AL Standoff Marks Day 6, Picture of Suspect as Isolated Man Develops

By: AP Email
By: AP Email

Read the history of this story in the following links:

Wed. 1/30, 4am: Man Holding Child Hostage in Alabama

Wed. 1/30, 9:33am (video): Bus Driver Killed Stopping Gunman from Taking Kids in Ongoing Standoff

Thur. 1/31, 10:29am (video): Negotiators Talking to Alabama Captor Through Pipe

Fri. 2/1, 12:15pm: Police Haul Away School Bus in Alabama Standoff

Sat. 2/2, 11:25am: Alabama Sheriff: Boy Held Hostage in Bunker Has Toys

MIDLAND CITY, Ala. (AP) - As the hostage standoff in rural Alabama enters a sixth day, more details are emerging about the suspect at the center of it, with neighbors and officials describing an isolated man with few friends and no close family.

Authorities say Jim Lee Dykes gunned down a school bus driver and then abducted a 5-year-old boy from the bus, taking him to an underground bunker on his property.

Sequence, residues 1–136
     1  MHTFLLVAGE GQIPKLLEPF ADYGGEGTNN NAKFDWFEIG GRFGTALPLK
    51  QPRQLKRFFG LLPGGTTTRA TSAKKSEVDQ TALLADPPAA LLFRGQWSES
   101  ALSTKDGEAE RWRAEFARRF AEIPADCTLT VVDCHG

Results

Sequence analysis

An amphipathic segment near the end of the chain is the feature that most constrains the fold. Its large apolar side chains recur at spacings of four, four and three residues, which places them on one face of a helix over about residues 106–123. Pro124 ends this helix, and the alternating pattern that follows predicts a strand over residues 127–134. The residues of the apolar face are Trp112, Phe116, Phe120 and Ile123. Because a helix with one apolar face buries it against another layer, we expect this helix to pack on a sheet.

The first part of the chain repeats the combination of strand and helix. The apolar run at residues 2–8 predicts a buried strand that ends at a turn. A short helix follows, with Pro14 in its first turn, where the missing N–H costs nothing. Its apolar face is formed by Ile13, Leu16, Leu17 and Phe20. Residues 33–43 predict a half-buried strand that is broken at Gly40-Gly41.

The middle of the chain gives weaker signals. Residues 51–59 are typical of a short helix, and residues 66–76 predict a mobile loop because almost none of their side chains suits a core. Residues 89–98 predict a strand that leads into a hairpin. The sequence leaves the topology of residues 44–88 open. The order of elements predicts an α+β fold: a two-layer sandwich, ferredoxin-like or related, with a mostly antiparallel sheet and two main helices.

The 65-year-old Dykes is a decorated veteran of the Vietnam War. But after leaving the military, Dykes had some scrapes with the law, including a 1995 arrest for improper exhibition of a weapon -- a misdemeanor that was later dismissed.

Neighbors describe Dykes as a man who once beat a dog to death with a lead pipe, threatened to shoot children for setting foot on his property, and patrolled his yard at night with a flashlight and a firearm.

Meanwhile, bus driver is scheduled to be buried today. Charles Albert Poland Jr. is being remembered for his acts of kindness, from fixing someone's tractor to tilling the garden of a neighbor who'd had a heart attack, and for his heroism in trying to protect the children on his school bus last Tuesday.


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